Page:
And now, a few words on JRPG combat & encounters.

Combat Strategy:

One character heals, everybody else attacks. Repeat until you win. Far too many JRPGs can be won with this incredibly simple strategy. I didn't want the same to be true of our games so I made a simple but far reaching change to combat. Each round, enemy power increases by 10%. Eventually, any serious enemy is going to get powerful enough that their attacks are going to start instantly killing characters. Efficiency, not endurance, becomes the key to victory. Healing is no longer an "I win" button, but is instead a decision – do I reduce my damage output now to heal or do I risk not healing in order to win faster? We further emphasized the dilemma between offense and defense by causing some healing spells to reset the player's combo count (the key to massive damage with some abilities).

Random Encounters:

There's a lot of hatred towards random encounters in JRPGs and I think a lot of that anger is misplaced. The true problem is boring combat and bad pacing, not random encounters. I'm sure I'm not the only one who actively sought out combat in Grandia just because it was fun (Grandia is easy enough that grinding is not essential).  If combat is interesting, has variety, and appropriately rewards the player, then random encounters can become entertaining and not a chore.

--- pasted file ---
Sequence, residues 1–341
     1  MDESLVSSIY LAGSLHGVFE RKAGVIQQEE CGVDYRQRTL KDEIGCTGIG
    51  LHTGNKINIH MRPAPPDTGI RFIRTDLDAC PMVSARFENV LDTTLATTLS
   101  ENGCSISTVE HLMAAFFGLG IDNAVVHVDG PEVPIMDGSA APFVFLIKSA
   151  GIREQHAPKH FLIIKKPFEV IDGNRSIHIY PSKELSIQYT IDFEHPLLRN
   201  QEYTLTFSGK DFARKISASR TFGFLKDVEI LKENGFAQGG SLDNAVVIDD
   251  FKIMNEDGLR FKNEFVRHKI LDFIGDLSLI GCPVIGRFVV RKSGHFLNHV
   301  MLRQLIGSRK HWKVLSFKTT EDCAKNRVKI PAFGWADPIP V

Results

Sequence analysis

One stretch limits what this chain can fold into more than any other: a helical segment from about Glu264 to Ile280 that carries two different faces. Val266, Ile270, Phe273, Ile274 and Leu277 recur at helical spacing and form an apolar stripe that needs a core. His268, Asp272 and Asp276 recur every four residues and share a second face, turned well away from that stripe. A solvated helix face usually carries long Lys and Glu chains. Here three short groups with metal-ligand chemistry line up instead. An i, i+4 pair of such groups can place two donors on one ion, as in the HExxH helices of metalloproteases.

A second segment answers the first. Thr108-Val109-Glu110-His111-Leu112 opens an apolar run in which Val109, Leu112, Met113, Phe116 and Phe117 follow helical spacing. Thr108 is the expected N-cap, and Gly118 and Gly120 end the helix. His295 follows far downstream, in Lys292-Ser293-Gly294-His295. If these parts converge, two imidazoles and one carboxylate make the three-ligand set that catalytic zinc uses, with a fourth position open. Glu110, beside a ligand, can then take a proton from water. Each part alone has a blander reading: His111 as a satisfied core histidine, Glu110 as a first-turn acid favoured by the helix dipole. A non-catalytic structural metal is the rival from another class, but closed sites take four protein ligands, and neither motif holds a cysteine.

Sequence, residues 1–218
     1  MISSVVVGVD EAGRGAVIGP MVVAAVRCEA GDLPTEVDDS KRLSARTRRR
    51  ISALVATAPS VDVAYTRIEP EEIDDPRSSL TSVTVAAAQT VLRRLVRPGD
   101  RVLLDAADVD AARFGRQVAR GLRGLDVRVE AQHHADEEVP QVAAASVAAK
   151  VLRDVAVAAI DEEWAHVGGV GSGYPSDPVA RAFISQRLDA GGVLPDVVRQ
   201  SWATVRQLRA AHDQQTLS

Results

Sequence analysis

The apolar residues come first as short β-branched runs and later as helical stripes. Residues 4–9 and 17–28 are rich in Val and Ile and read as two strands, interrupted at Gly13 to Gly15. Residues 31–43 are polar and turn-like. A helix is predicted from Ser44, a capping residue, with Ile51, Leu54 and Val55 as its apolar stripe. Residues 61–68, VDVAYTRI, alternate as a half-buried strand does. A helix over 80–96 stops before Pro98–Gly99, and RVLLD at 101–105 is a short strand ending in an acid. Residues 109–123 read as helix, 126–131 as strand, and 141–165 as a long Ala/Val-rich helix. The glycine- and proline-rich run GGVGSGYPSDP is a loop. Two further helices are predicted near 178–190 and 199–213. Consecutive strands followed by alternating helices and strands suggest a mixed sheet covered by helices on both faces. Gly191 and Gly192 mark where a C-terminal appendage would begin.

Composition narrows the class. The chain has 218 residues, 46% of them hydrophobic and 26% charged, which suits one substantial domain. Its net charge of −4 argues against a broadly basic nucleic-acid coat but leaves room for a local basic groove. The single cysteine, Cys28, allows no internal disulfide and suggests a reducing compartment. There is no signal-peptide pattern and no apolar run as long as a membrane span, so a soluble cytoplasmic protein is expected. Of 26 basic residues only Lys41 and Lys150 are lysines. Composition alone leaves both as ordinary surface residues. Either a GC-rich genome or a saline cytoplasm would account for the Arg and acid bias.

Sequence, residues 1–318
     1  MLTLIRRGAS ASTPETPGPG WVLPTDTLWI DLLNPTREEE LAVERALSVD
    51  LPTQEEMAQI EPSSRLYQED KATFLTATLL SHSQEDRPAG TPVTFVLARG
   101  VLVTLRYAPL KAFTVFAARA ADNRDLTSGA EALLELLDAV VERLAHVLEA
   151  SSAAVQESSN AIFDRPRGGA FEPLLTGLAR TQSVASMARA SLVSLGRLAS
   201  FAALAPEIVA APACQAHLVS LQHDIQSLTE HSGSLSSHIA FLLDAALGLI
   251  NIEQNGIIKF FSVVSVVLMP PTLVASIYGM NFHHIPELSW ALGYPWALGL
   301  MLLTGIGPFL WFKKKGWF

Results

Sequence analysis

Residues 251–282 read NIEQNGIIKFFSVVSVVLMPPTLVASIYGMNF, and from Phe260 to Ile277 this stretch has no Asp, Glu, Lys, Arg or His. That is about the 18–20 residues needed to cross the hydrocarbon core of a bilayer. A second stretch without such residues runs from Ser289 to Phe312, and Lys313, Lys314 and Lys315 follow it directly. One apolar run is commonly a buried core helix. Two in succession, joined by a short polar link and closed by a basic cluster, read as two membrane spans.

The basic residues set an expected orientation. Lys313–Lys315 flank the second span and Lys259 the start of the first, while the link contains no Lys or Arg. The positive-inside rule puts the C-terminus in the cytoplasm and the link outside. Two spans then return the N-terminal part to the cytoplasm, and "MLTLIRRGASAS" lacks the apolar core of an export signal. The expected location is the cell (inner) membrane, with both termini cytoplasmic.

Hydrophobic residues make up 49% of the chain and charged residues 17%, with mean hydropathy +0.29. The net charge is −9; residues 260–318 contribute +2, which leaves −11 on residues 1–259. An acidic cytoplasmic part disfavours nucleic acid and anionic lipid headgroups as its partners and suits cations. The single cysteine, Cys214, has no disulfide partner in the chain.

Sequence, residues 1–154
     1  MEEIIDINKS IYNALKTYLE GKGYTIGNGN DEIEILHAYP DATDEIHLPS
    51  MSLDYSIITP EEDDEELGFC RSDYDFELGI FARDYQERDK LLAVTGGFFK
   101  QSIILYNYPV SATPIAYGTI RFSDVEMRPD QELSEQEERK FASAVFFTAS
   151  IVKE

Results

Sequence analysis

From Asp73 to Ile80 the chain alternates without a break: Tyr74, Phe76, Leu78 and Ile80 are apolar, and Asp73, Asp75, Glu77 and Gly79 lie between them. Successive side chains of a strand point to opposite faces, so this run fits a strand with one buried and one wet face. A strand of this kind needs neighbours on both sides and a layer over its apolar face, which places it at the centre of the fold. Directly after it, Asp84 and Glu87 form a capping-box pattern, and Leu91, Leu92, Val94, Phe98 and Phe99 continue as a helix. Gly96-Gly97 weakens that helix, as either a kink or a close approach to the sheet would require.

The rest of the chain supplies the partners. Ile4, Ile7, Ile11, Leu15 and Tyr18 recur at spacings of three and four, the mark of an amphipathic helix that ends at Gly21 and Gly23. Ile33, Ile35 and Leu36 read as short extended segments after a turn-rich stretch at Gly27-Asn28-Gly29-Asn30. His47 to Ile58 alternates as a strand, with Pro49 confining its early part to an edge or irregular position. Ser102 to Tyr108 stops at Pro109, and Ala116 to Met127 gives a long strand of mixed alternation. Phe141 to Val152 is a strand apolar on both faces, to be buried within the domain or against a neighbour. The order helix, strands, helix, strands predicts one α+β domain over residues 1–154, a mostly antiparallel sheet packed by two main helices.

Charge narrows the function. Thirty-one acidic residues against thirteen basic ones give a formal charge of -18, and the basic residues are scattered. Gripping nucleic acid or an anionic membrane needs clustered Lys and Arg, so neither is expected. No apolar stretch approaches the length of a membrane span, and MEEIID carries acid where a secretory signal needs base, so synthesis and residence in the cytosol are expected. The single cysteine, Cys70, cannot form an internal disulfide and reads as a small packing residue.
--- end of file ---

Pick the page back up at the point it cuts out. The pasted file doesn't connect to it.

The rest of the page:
Make combat fast paced (do this by avoiding long animations and load times, not by removing depth). If you do use random encounters, use multiple random encounter charts per location – get the player used to some of the monsters in the dungeon in the first few fights before upping the difficulty and throwing harder monsters at them later on. Have the occasional random mini-boss fight. Give good rewards for winning.

And anyway, a lot of non-random encounter systems that are used in some JRPGs (like Chrono Trigger & Final Fantasy XIII) are essentially random encounter in all but name in that they force the player to fight a number of less important battles between major encounters. Focus on the problem (boring gameplay), not a symptom.

In Conclusion:

Of course, there are many other elements that go into making a quality JRPG that I haven't really touched upon (story, visuals, music, map designs, characters, LV-Up systems, etc.), but hopefully I've provided some food for thought. The genre can evolve without losing its identity. The best games are still to come.